We’d picked up breakfast boxes from the hotel, but it’s hard to have an appetite at 4 AM, unless you have a late-night job like mill worker or lowlife. So we settled for just waiting in a daze until the convoy got started.

Our driver was an interesting man, a baby-faced Coptic Egyptian whose two passions in life were passing other vehicles and grinning insanely as he passed other vehicles. The moment the convoy started, we went from 2nd to 150th in the blink of an eye. But that was all part of his plan.

He quickly punched his minibus up to 100 mph and began passing the other vehicles on the bumpy two-lane road that ran the hundreds of kilometers through the desert to Abu Simbel. We were jostled so hard that my wife’s bosoms went from heaving to storm-tossed in the matter of a few seconds.

If she hadn’t been dog-tired it would have been arousing. Who am I kidding? It was arousing anyways.

The other peculiarity of our driver was that he drove with his turn signal on for the entire four hour trip. And Egyptian turn signals make a beeping noise, so it was like a watch alarm going off constantly.

If you weren’t hung over, like our guide, it was impossible to sleep. Have I mentioned that lack of sleep makes Wifey murderous?

Finally, in desperation, Wifey asked for the breakfast box. Inside it contained a smashed pastry, an inedible piece of coal, a boiled egg, dust from Pharaoh’s coffin, and a dead cockroach.

She opted for a granola bar brought from home, but upon finding it flattened to one millimeter in height, promised me that “they’ll never find your body once we get to Abu Simbel.”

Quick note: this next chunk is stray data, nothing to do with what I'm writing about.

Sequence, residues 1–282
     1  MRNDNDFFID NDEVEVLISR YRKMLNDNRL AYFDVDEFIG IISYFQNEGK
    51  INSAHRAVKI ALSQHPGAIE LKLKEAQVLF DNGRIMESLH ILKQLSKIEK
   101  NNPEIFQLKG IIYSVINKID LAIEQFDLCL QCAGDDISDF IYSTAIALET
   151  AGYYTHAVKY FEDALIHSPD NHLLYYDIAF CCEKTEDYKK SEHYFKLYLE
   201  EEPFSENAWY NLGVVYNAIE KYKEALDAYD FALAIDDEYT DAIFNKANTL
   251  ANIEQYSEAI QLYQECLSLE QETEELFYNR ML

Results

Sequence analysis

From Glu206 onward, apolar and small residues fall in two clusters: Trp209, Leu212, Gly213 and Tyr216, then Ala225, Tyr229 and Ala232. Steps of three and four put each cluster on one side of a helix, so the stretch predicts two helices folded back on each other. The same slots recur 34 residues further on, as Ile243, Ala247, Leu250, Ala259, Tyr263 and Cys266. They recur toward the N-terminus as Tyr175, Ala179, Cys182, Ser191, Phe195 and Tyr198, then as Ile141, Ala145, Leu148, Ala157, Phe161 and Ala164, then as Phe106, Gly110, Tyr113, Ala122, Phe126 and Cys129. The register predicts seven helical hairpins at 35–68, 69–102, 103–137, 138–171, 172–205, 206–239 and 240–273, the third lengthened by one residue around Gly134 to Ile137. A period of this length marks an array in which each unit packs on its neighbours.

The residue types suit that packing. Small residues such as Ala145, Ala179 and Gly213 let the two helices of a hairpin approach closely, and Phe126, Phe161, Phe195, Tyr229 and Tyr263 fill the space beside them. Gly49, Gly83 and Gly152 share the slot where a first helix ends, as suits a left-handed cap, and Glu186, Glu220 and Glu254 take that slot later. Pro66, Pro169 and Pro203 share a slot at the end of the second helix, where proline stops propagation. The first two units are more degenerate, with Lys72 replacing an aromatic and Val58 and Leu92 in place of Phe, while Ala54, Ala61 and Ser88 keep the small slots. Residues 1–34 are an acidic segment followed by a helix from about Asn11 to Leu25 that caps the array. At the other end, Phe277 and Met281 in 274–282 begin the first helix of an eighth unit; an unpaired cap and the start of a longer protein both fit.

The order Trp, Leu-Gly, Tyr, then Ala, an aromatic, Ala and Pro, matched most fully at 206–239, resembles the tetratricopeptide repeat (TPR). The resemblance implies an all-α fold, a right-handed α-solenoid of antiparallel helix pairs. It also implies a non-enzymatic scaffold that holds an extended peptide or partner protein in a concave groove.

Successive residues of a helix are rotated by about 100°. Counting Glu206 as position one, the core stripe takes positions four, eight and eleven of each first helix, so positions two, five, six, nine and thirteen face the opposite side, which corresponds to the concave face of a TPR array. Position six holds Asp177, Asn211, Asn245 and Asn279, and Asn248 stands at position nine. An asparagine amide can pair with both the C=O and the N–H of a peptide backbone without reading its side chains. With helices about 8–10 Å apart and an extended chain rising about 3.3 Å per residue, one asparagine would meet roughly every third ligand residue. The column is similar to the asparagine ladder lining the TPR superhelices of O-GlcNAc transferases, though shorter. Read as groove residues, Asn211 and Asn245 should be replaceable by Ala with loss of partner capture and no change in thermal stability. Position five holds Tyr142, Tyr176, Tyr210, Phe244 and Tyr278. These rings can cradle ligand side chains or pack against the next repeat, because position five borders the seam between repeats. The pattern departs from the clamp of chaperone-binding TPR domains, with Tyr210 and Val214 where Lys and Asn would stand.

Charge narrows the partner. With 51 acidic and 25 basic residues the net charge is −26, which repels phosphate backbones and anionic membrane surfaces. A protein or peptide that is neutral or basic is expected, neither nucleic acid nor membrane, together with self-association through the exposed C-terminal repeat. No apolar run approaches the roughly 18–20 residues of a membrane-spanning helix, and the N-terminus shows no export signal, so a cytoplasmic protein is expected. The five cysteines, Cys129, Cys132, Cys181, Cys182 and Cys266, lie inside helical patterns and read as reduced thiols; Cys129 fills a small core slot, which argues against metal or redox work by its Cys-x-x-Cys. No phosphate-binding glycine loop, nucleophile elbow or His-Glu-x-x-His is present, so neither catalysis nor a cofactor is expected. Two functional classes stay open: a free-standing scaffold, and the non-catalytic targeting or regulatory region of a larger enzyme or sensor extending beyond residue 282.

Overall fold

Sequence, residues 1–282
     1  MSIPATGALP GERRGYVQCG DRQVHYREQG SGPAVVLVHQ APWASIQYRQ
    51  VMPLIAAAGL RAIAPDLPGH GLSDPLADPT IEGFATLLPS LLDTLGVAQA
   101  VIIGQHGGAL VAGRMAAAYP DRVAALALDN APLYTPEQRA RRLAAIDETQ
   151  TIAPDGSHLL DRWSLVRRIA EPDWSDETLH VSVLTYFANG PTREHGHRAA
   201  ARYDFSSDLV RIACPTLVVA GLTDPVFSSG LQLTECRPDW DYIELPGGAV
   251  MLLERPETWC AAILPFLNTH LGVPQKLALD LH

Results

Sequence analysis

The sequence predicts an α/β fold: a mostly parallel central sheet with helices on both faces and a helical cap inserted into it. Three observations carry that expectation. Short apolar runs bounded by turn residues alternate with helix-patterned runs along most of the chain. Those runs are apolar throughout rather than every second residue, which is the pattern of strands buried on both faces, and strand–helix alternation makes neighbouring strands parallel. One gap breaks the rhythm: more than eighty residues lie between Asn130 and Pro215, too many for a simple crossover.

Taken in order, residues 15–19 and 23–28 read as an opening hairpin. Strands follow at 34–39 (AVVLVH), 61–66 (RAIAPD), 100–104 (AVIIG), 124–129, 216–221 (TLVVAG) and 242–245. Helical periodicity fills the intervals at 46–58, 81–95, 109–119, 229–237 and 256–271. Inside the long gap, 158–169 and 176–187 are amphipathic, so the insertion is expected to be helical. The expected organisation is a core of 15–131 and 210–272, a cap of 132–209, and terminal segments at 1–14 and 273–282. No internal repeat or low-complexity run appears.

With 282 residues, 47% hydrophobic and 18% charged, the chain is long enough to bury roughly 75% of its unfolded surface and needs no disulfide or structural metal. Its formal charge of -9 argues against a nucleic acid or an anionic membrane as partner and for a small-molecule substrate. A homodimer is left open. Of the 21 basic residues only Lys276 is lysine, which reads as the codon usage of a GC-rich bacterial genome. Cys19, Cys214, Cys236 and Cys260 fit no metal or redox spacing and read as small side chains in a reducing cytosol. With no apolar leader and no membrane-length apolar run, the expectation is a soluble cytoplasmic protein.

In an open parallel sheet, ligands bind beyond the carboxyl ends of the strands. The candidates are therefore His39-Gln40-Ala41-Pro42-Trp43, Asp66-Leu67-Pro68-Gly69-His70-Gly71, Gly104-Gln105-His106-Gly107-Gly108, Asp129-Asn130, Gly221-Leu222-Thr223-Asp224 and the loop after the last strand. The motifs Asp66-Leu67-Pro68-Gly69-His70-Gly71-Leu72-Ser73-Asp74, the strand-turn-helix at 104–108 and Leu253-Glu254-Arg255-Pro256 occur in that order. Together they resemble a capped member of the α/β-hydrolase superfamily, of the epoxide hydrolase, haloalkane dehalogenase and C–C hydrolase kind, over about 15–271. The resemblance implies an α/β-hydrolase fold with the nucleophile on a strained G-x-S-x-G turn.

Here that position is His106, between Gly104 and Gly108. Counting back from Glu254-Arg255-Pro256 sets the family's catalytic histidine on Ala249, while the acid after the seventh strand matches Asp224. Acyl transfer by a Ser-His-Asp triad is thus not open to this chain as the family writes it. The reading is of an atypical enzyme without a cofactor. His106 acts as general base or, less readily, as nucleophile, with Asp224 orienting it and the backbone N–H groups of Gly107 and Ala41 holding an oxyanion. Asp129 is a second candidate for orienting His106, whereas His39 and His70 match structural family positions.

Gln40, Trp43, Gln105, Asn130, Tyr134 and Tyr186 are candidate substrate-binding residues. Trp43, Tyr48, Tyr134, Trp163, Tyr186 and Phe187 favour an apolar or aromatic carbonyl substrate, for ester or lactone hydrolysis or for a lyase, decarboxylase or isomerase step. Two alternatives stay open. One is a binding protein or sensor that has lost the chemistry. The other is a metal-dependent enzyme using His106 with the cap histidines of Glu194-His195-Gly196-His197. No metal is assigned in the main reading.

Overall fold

I was content to eat two boiled eggs. No reason to waste them, right?

During one particularly jarring concussion, I smashed my kneecap into the seat in front of me. It turned purple and hurt for the next week.

Finally we arrived at Abu Simbel. If you’ve never been, let me briefly describe it to you:

Colossally large statues (120 feet high) fronting a tomb cut into the living rock. Only, it’s been moved up out of the sea, so the entire rock dome is fake. This makes it even more impressive, because you realize that our forefathers not only cut the damned thing in 2000 BC but then moved it in the sixties.

And seven years on the WTC site is still a crater.

Bury Me At Abu Simbel

Even more impressive was that our guide could eat with the rotting husks that he calls teeth. I was so distracted by his dentistry that to this day I can’t tell you what he said, other than that photos are not allowed.

We toured the two temples, mightily impressed by both of them, then made our way back to the giant open air gift shop. But since it was so hot, and so early, the touts really weren’t into it.

Then, it was back into the bus of doom for the long ride back to Aswan. It was excruciating: my knee throbbing, starving to death, with my wife’s heaving bosoms tantalizingly close, but for all her hostility just as well located on the far side of the moon.

Ultimately, this trip is worth it, but I advise you not to take the minibus. Take a big bus or the plane.

As we drove through Aswan, suddenly our guide perked up. “Don’t forget to tip your driver!” he yelled, then jumped out the window while the car was still rolling like he was dodging Boss Hogg or something.